Falling Foss, the 9m waterfall found in a secretive wooded valley, is particularly impressive after heavy rain and is complete with magical tea garden. Think homemade cakes and pots of tea served at outdoor tables in a rustic glade. Children will love paddling in the beck and playing pooh sticks on the bridge too. Take our short walk from May Beck or start in Littlebeck hamlet and head straight through Little Beck Wood Nature Reserve, a delightful broadleaved woodland, to reach Falling Foss.

Yorkshire Coast Nature tips

The experts at Yorkshire Coast Nature are our eyes on the ground, here's their pointers on what else to look out for this month.

After a bitter spell of weather last month it’s so nice to be writing this on a warm day looking out on a wildflower meadow, writes Yorkshire Coast Nature’s Richard Baines. For me June is all about discovering gorgeous flowers and amazing moths. Despite being in the ‘frozen north’ we are still blessed with many special flowers and, after spending many years flirting with a moth trap in gardens and woods, I still get excited by spectacular moths!

Eyed Hawk-moth copyright Richard Baines Yorkshire Coast NatureThe eyed hawk-moth is one of our largest and most vivid moths. The twin eye spots are designed to distract and frighten potential predators. When disturbed the moth gently fans its underwing spots in an aggressive posture. The caterpillar is large and green and has a distinctive blue-green spike at the rear, which separates them from the similar poplar hawkmoth caterpillar. 

One of their favourite food plants is the goat willow, also known as sallow. From the first week in June as they start to emerge from their cocoons, look out for the adult moths anywhere sallow grows in our region.

There are many stories from folklore surrounding the world of moths; it’s wonderful to hear of people hundreds of years ago entranced by these ‘night angels’ in the same way many of us are today. Links between moths and receiving letters are common, including the prediction that if a moth flits around a maiden in the gloaming it is a sign of a coming letter from her lover. In Yorkshire people used to refer to moths as ‘Souls’.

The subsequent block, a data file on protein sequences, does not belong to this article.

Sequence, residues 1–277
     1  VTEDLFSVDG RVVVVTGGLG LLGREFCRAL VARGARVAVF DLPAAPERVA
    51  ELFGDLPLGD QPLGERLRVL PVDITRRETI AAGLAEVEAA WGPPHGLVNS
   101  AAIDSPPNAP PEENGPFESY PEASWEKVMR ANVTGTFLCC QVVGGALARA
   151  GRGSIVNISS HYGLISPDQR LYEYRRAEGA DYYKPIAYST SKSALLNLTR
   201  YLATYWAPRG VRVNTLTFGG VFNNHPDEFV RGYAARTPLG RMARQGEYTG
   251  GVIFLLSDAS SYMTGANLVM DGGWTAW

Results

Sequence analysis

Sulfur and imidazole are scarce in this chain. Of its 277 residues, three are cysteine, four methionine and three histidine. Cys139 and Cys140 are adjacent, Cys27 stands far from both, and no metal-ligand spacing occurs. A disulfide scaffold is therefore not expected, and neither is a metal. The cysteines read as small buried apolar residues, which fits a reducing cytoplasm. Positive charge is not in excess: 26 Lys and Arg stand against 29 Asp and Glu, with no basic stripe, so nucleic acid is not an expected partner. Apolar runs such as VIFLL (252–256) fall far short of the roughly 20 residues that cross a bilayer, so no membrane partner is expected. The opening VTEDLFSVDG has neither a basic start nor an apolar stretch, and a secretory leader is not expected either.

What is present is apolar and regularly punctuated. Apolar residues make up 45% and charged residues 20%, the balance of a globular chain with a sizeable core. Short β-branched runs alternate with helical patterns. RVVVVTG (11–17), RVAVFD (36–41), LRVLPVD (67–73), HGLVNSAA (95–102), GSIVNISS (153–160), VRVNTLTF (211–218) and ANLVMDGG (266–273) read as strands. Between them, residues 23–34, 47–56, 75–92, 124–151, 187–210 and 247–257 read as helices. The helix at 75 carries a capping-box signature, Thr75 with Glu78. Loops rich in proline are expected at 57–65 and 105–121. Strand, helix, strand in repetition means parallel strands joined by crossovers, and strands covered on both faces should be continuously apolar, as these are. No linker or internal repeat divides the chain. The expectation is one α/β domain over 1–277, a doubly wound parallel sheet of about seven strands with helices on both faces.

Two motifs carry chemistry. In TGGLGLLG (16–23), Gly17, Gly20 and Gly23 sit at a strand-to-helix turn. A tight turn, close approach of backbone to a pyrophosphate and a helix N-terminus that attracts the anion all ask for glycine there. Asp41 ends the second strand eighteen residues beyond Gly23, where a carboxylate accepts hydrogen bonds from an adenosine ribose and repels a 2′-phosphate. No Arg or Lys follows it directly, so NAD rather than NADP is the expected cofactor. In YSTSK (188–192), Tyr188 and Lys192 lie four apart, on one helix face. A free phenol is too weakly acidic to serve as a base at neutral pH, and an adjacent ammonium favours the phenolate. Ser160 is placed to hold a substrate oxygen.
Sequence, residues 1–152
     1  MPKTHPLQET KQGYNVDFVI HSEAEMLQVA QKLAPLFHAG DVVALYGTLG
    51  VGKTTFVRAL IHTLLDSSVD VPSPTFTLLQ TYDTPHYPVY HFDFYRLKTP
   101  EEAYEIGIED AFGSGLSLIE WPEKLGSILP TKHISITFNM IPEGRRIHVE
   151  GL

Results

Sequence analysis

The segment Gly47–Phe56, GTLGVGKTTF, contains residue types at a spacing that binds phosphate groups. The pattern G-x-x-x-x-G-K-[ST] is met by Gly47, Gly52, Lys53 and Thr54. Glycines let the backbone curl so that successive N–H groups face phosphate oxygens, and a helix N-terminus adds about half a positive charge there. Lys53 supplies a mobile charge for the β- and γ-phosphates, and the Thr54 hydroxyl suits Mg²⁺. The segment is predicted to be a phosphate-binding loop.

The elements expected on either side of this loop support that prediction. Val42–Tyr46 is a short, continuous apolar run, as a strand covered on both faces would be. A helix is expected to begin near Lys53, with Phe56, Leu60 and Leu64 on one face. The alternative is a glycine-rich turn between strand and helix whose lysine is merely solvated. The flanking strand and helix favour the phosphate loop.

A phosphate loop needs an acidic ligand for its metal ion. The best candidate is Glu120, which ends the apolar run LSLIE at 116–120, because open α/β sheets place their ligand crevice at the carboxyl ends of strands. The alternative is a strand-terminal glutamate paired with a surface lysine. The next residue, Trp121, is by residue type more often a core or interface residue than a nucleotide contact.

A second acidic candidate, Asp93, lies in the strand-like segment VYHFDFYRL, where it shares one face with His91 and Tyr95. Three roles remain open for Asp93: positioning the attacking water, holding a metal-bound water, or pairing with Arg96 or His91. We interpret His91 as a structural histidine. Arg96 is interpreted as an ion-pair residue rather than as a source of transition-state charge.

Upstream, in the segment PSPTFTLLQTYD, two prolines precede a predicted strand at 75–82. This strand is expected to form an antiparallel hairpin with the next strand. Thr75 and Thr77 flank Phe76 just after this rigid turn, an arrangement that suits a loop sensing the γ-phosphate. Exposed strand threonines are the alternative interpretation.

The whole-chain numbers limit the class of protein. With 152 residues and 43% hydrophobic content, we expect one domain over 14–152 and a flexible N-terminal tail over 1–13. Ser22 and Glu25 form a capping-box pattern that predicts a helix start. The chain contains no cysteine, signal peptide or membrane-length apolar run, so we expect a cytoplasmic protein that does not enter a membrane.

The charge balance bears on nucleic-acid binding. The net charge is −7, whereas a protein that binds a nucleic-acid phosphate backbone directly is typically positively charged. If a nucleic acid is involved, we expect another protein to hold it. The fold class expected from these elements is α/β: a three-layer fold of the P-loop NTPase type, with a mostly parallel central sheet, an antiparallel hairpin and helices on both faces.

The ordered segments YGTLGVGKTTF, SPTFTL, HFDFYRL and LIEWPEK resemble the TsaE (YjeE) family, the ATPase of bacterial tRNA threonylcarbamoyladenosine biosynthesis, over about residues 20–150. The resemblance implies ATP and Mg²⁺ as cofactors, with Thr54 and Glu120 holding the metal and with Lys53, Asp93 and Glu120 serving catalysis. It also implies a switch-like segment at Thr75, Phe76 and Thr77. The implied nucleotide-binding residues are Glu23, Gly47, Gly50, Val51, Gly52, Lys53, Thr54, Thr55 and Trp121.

Puss Moth copyright Richard Baines, Yorkshire Coast NatureAlmost as big as the eyed hawk but with a completely different form is the puss moth. Its amazing marble-like wings with black arched markings are vertically crossed with golden brown veins creating a stunning insect. It also has very hairy, strong legs; a fact which was not lost on a friend of my son when, at the impressionable age of nine, he gently tried to peel away the legs wrapped around his fingers! A great experience for a boy who thought moths were boring… 

The strength of this moth doesn’t stop with its legs as its cocoon is one of the strongest in the UK moth world enabling it to survive the winter. 

Like many other moths, puss moths love sallow and feed on its leaves. So if you want to attract monster moths to your garden, plant lots of sallow!

Bee Orchid copyright Dan Lombard, Yorkshire Coast NatureThe sallow is often known as a tree which prefers damp ground but it can also grow in drier conditions and its fast growth is ideal if you want to create semi-natural habitat quickly in your garden. Its value for wildlife is amazing and even in the first days of spring it provides one of the first sources of pollen for newly emerging bumble-bees which feast on the catkins.

Two flowers you are unlikely to find in your garden are the bee orchid and pyramidal orchid. However they may be growing closer than you think to where you live.

Both of these species prefer a clay and calcareous soil composition so can grow well on chalky or limestone enriched boulder clay of East and North Yorkshire. 

They can appear on roadside verges; indeed a few years ago I found a fantastic display of pyramidal orchids on a verge in East Ayton near Scarborough. 

Orchid seed is tiny so in order to find space to grow they need open ground with patches of bare earth or a tightly grazed grass sward with low fertility. These two orchids also love sun drenched habitats so don’t bother looking on damp ground or in woods.